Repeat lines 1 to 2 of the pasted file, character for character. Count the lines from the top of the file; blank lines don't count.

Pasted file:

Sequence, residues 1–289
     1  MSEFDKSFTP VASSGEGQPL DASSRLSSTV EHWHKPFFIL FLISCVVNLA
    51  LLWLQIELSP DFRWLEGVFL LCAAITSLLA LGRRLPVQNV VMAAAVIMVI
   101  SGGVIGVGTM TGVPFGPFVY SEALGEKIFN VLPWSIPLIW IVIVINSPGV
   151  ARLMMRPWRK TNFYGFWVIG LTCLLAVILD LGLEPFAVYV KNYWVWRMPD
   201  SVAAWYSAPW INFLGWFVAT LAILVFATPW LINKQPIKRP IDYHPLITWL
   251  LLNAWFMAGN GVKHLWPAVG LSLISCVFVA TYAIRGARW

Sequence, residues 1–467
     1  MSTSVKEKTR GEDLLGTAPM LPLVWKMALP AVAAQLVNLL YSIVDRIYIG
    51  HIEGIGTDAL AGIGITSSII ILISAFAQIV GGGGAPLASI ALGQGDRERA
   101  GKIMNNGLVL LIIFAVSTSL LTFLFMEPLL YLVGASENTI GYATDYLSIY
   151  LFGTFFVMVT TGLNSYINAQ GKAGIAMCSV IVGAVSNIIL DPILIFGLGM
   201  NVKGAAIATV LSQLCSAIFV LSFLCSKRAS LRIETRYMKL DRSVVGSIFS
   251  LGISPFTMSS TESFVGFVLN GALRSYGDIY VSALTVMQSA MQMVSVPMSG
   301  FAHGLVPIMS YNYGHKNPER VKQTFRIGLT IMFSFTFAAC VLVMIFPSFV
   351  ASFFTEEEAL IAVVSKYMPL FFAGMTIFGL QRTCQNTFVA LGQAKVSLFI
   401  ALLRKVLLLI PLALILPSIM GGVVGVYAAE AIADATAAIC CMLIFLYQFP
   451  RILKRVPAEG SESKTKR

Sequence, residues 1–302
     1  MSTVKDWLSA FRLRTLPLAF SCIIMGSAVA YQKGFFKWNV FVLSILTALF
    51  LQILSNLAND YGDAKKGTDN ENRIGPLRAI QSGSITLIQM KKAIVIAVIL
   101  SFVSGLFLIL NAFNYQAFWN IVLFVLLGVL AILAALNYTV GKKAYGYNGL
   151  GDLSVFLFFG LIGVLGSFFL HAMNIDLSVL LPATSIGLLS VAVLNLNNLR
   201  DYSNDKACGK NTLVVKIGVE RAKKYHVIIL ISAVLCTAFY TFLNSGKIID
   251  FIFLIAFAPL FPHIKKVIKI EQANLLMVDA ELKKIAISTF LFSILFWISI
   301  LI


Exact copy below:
Sequence, residues 1–289
     1  MSEFDKSFTP VASSGEGQPL DASSRLSSTV EHWHKPFFIL FLISCVVNLA